8. Gentleness. This is the meekness that Jesus spoke about in His Sermon on the Mount in Matthew 5. “Blessed are the meek, for they shall inherit the earth.” (Matthew 5:5). This does not mean wimpy, simpering, spinelessness. Not by a long shot. This refers to having a gentle strength. The ability to express power with reserve and gentleness, and is often expressed in the Christian’s steadfastness in the Lord – an unwillingness to compromise on the truth of Scripture. This is a virtue that can only operate through the Holy Spirit. A false Christian cannot exhibit this characteristic. At least not completely, and not truly. It only happens with the Lord’s divine inspiration, direction, and empowerment. It can only operate through true faith in Jesus (see 1 Timothy 6:11 and 2 Timothy 2:22-25).
9. Self-Control. This refers to having control or dominion over one’s own desires and passions. Also referred to as self-mastery, or self-restraint. This is demonstrated most commonly during situations where either frustration sets in and a desire to lash out begins to build within us; or, we are faced with sensual temptations, and in either case we are able to successfully master those desires rather than give into them. Usually, one will simply be able to dismiss those situations and not give them a second thought. But even if they persist, when exhibiting Holy Spirit enabled self-control we possess complete mastery over those situations.
10. Not Boastful. True biblical Christians do not exhibit self-righteousness, empty pride, conceit, or pretentiousness. We do not boast or brag about ourselves in any way, shape, or form. This is what Jesus had in mind in Matthew 6 when He said, “Beware of practicing your righteousness before men in order to be noticed by them … don’t announce it when you give to the poor … when you pray don’t use vain repetitions in public but go into your room and shut the door and pray to the Lord in private … and when you are fasting, do not put on a gloomy face so everyone will know what you are doing.” And also in Luke 18 when He gave the parable of the Pharisee and the Tax Collector. As the tax collector stood there praying, and beating his chest in remorse, he begged God to forgive him for being a wretched sinner; while the Pharisee was standing there saying to the Lord, “Thank you Lord that I am not like that tax collector over there!” Jesus said that it was the tax collector who went home justified, and not the Pharisee!
11. Not Challenging One Another. Not only are we not to challenge one another in the sense of calling each other out, challenging them to a fight or some sort of physical challenge to test ones prowess; but also we are not to irritate one another, especially to the point were the one we are irritating is becoming frustrated with us and about ready to lash out at us. This is a form of challenging, and we are not to do it. This is where our love of others, our peace, patience, and self-control come into play.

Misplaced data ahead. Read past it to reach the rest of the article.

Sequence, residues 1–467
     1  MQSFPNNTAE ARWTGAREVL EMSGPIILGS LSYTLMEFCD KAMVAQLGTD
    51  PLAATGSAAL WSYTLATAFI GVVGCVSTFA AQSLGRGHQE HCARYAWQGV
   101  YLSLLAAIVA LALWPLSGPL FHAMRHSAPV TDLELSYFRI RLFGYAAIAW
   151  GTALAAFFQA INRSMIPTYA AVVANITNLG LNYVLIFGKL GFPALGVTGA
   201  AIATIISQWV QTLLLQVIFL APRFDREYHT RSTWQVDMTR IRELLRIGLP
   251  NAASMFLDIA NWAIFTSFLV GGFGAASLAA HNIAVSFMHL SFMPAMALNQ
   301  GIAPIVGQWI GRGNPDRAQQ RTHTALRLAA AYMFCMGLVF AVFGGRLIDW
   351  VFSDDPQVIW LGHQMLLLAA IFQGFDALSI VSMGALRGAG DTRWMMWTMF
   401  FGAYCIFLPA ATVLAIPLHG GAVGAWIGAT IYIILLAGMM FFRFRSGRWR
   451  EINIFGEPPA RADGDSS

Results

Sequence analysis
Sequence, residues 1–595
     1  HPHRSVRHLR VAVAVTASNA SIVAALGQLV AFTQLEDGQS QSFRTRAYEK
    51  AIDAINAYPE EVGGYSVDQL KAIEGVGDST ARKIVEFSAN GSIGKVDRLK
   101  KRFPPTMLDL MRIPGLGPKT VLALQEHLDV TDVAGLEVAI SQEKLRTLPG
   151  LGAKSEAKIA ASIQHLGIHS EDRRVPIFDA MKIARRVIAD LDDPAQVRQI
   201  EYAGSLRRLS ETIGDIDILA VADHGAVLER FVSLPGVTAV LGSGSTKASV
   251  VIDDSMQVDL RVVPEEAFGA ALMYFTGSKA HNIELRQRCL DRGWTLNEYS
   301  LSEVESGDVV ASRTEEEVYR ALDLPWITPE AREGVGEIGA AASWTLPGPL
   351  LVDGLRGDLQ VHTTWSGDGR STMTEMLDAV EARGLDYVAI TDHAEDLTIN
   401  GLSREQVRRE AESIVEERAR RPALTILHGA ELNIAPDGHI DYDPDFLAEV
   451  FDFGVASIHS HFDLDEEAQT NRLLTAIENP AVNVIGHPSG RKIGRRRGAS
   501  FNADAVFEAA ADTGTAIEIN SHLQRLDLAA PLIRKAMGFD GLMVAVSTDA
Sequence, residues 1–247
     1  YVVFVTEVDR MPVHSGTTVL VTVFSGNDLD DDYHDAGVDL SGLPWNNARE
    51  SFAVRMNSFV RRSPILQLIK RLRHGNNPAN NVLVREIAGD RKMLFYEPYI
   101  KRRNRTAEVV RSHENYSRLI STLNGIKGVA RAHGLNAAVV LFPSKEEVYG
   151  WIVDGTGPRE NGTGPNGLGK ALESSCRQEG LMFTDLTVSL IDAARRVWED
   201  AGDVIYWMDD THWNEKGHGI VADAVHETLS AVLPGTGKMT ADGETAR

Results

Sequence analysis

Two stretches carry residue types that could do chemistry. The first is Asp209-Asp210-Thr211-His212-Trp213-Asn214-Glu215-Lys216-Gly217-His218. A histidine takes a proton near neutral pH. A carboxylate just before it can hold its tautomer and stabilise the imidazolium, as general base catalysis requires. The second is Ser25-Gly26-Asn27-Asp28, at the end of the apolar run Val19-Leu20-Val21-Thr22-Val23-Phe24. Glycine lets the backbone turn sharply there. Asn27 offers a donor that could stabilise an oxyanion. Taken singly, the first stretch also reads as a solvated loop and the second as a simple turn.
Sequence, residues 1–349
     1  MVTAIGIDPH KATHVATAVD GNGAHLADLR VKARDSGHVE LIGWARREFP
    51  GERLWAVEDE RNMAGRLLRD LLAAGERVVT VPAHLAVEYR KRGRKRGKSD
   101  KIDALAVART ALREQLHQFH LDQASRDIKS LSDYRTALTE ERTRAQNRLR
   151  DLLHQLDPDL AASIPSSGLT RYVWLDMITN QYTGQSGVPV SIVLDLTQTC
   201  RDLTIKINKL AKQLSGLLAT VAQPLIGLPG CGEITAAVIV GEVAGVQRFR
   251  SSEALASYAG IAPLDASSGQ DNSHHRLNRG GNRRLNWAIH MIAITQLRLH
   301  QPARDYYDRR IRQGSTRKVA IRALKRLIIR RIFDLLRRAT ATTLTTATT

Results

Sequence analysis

12. Not Envying One Another. True biblical Christians are not jealous, and especially not jealous of one another. On the contrary, Christians are to be joyful for the successes of our brethren, not jealous or envious of them. Nor do we become bitter because of another person’s success, instead, we are happy for them, congratulate them and celebrate with them.
In a nutshell, Christians are to be imitators of God. We are to walk in love just as Christ loved us. We are to be God-fearing, and humble; forgiving, compassionate, courteous, and respectful. Christians are not attention seekers, and they will stand firm on and in biblical standards, and they will do so with courage and serenity born of the Holy Spirit.
(See: Matthew 10:28; Luke 6:35; 1 Corinthians 13:4-7; Ephesians 4:2,32; 5:1; Colossians 3:12; 2 Timothy 1:7; Titus 3:2; James 4:10; 1 John 1:6-10; 2:3-6,9-11,15-17,23,29; 3:6-10,14-15,17-21,23-24; 4:7-13,15-17,20-21; 5:1-3,10-12)
Now, I said there was a qualifier (or quantifier, again I can’t remember which it is) that comes into play with all of these characteristics. And that is, they do not happen all at once at the moment of salvation. Some Christians may experience one or two of them to a greater degree than others at the moment of salvation, but let’s face it, at the moment of salvation we are no different than a new born baby. We have to learn all of these things just as an infant must learn how to walk and talk and so forth. And, just like all children, Christians grow and mature at different rates. I know of some who are true biblical Christians and have been for several years, but their spiritual maturity level is equal to that of a five year old. Others I know who have been saved only a couple of years and are already theological and spiritual giants. Yes, they still have growing to do, as do we all, but the Lord has truly blessed them, and through them, blessed the rest of us as well.
All of this to say, we all have some growing to do, and will be growing until the moment we go to be with the Lord. We will all still sin, but we will not live in persistent, habitual sin. And, as true biblical Christians, we will possess and exhibit these characteristics to one degree or another, and in increasing measure as we grow spiritually. So it is best that we do not simply judge others who claim to be Christian just because we don’t think they are spiritually mature enough. We should be discerning, and judge other professing Christians on whether or not they actually believe what the Bible clearly says regarding the foundational beliefs of Christianity (again, another topic for another time, if you have questions, ask me), coupled with how they exhibit the fruit of the Holy Spirit.
In closing, I would like to say that I know I have a lot of growing to do myself. I am far, far, far from where I need to be spiritually. I know that throughout my life I have hurt a great many people, including some of you. I have a lot of regret for that, and I hope and pray that those whom I have hurt will be able to find it in their heart to forgive me. I love you all genuinely and sincerely, and desire only the best for all of you. May the love of God, the grace of our Lord Jesus Christ, and the fellowship of the Holy Spirit be with you all.